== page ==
The first step in preparing your small business’ COVID-19 plan is to identify potential risks to your business. Understanding the scope of possible risks will help you develop realistic, cost-effective strategies for dealing with them and a timeline for their implementation.
Ways of identifying risk
Review your business plan and think about what you couldn’t do without, and what type of incidents could impact on these areas. Ask yourself:
- when, where, why and how are risks likely to happen in your business?
- are the risks internal or external?
- who might be involved or affected if an incident happens?
The following are some useful techniques for identifying risks:
Ask ‘what if?’ questions
Thoroughly review your business plan and ask as many ‘what if?’ questions as you can and if you can, quantify the impacts.
Brainstorm with your network
Brainstorming with different people, such as your accountant, financial adviser, staff, suppliers and other interested parties, will help you get many different perspectives on risks to your business.
Assess your business processes
Use flow charts, checklists and inspections to assess your work processes. Identify each step in your processes and think about the associated risks. Ask yourself what could prevent each step from happening and how that would affect the rest of the process.
Consider the worst-case scenarios
Thinking about the worst things that could happen to your business can help you deal with smaller risks. The worst-case scenario could be the result of several risks happening at once. Once you’ve identified risks relating to your business, you’ll need to analyse their likelihood and consequences and then come up with realistic and timely strategies for managing them.
The impacts of a pandemic on a business are most likely to be in the following areas:
- Clients, demand, sales – if your business is unable to supply your product or service to customers, what other ways can you sustain workflow?
Is taking your business online a viable option? Can you pivot your production during this time and use your equipment to produce an in-demand product?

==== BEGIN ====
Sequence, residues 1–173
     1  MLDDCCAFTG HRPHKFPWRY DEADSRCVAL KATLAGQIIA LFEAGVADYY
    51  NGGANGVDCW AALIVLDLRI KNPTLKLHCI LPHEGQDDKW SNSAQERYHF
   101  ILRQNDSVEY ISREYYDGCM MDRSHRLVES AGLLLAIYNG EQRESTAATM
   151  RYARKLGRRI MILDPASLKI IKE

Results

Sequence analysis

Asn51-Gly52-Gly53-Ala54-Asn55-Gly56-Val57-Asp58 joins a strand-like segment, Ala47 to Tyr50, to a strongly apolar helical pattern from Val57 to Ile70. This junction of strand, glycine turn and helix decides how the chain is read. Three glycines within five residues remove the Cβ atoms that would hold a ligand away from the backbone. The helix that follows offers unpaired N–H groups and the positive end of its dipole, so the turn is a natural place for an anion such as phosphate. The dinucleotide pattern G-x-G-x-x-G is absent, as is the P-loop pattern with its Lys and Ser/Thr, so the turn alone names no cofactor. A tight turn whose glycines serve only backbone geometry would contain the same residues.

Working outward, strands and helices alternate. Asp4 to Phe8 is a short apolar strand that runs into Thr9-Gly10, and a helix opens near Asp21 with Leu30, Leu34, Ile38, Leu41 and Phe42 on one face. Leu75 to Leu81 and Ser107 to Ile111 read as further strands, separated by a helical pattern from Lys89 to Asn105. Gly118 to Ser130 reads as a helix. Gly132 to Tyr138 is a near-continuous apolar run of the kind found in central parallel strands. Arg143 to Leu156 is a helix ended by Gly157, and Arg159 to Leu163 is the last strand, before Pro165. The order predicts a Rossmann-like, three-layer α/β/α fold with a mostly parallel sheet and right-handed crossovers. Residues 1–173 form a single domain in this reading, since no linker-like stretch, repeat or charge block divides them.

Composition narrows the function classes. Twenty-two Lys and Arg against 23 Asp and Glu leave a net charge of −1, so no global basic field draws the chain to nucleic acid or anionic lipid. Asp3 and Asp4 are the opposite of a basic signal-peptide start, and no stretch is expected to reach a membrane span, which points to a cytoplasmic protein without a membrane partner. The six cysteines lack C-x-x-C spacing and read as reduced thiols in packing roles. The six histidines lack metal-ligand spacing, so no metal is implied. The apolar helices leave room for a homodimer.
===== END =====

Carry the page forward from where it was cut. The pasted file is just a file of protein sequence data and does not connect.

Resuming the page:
- Staff – if your staff are isolated or confined, how will they continue to work if options to work from home are limited or not feasible?
Staffing arrangements during a pandemic may include telecommuting (working remotely from the workplace). This may be necessary to maintain vital services. Equipment, technology and technical support need to be in place and in working order. Staff also need to know how to use facilities such as video conferencing. This may require specialist training.
- Suppliers – If you rely on imports from foreign countries impacted significantly by the virus, this is particularly important. You will need to evaluate alternative sources for all materials impacted. Are there other domestic sources or countries that are less effected? You will then need to quantify additional logistics costs, import tariffs and increases in material prices and factor into your pricing accordingly.
Cash flow – Prepare a cash flow forecast and update regularly. This will highlight any foreseeable cash flow issues and allow you to act early. You may discover you’re likely to struggle with cash flow in the short term meaning you will need to act now.
For more detailed information, visit the Queensland Government page for pandemic risk management for business.